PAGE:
3

Evaluation of the Current Toxicology Program

The Naval Medical Research Institute's Toxicology Detachment (NMRITD) is collocated with the toxicology programs of the Air Force and the Army at Wright-Patterson Air Force Base (WPAFB). NMRITD employs 34 persons and has an annual budget of approximately 3 million dollars.

The mission of NMRITD is to (1) develop the biomedical data necessary to characterize the toxicity of materials of interest to the Navy; (2) use these data to formulate occupational and environmental health-hazard evaluations and risk assessments, including appropriate personnel exposure limits, which address specific Navy circumstances of exposure; and (3) develop and maintain a cadre of naval personnel skilled in the discipline of toxicology and its application to health-hazard evaluation and risk assessment. This mission is amplified in the functions and tasks statements in a Navy document (NMRI, 1991).

To review the current toxicology program of NMRITD and its preliminary Ten-Year Strategic Plan, the subcommittee members visited WPAFB, where NMRITD members and associated personnel gave tours of the facilities and made presentations on the ongoing research efforts.

The Navy requested answers to the following four questions pertaining to the current toxicology program:

  1. Is the Navy getting the appropriate science to meet its needs?

  2. Is current research effectively addressing actual problems?



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Review of the U.S. Naval Medical Research Institute's Toxicology Program 3 Evaluation of the Current Toxicology Program The Naval Medical Research Institute's Toxicology Detachment (NMRITD) is collocated with the toxicology programs of the Air Force and the Army at Wright-Patterson Air Force Base (WPAFB). NMRITD employs 34 persons and has an annual budget of approximately 3 million dollars. The mission of NMRITD is to (1) develop the biomedical data necessary to characterize the toxicity of materials of interest to the Navy; (2) use these data to formulate occupational and environmental health-hazard evaluations and risk assessments, including appropriate personnel exposure limits, which address specific Navy circumstances of exposure; and (3) develop and maintain a cadre of naval personnel skilled in the discipline of toxicology and its application to health-hazard evaluation and risk assessment. This mission is amplified in the functions and tasks statements in a Navy document (NMRI, 1991). To review the current toxicology program of NMRITD and its preliminary Ten-Year Strategic Plan, the subcommittee members visited WPAFB, where NMRITD members and associated personnel gave tours of the facilities and made presentations on the ongoing research efforts. The Navy requested answers to the following four questions pertaining to the current toxicology program: Is the Navy getting the appropriate science to meet its needs? Is current research effectively addressing actual problems?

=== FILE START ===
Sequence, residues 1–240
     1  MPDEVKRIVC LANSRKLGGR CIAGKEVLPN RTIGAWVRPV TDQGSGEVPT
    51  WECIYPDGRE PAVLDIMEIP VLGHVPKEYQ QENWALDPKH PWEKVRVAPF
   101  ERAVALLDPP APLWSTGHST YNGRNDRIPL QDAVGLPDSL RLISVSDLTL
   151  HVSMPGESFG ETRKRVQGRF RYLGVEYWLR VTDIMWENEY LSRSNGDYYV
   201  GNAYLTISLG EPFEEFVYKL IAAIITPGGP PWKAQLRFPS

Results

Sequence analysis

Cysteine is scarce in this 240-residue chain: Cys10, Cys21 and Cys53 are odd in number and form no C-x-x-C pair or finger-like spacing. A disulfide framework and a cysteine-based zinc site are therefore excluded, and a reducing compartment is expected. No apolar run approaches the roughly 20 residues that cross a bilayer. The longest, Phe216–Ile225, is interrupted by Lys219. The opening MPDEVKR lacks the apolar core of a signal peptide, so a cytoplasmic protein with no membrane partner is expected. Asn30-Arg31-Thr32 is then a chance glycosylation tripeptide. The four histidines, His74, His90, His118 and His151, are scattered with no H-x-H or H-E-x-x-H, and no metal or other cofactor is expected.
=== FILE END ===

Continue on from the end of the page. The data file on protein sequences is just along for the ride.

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Review of the U.S. Naval Medical Research Institute's Toxicology Program Is there a proper balance between basic and applied research? What constraints on executing the scientific program are imposed by the staffing and current facilities? The subcommittee's responses to those questions are presented below. The responses are based on its on-site visit to NMRITD and the oral presentations of investigators from NMRITD. EVALUATION OF THE CURRENT TOXICOLOGY PROGRAM Appropriateness of Current Science It is not clear that some of the scientific studies being conducted are meeting the Navy's needs. The Navy's toxicology program can be improved by identifying more clearly the needs of the Navy and focusing the research activities on those needs. Efforts should continue to provide a focus for the present toxicology program by further developing its preliminary Ten-Year Strategic Plan (see Chapter 4). The focus of Navy's current toxicology program needs to be clearly defined to be consistent with NMRITD's mission. At present, research activities are based primarily on the interests of the individual investigator assigned to NMRITD rather than on specific research targets. In other words, toxicological research should be determined by the Navy's needs and not by the expertise of the Navy scientists assigned to NMRITD. The subcommittee recognizes that the Navy's primary need is for “applied” toxicology—that is, the acquisition and application of data by experts to reach informed solutions to short- and long-term toxicological problems encountered in field operations. Much of the data used to formulate such solutions will result from “basic” research, generally defined as that done without a specific goal of application. That does not mean, however, that basic research should be conducted in a “vacuum”; rather, it should be focused in areas that address specific toxicological needs. For example, studies on the molecular effects of a class of chemicals could be used to identify biomarkers of exposure. Applied toxicology can also be aided by expert opinion. An example of the lack of basic